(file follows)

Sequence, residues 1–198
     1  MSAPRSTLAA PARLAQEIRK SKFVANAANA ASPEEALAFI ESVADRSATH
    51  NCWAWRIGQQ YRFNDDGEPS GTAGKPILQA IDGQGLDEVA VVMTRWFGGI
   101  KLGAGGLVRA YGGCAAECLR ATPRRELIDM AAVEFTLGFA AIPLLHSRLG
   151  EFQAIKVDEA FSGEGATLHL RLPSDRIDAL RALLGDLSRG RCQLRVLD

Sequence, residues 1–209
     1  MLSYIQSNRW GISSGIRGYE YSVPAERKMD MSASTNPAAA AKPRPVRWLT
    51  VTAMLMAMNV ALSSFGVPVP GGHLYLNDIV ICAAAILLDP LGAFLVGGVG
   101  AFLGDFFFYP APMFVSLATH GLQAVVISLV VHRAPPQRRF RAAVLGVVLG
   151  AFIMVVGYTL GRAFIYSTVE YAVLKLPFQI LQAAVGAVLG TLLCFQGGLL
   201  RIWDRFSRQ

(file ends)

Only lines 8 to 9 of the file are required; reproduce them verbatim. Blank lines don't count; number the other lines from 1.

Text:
    51  VTAMLMAMNV ALSSFGVPVP GGHLYLNDIV ICAAAILLDP LGAFLVGGVG
   101  AFLGDFFFYP APMFVSLATH GLQAVVISLV VHRAPPQRRF RAAVLGVVLG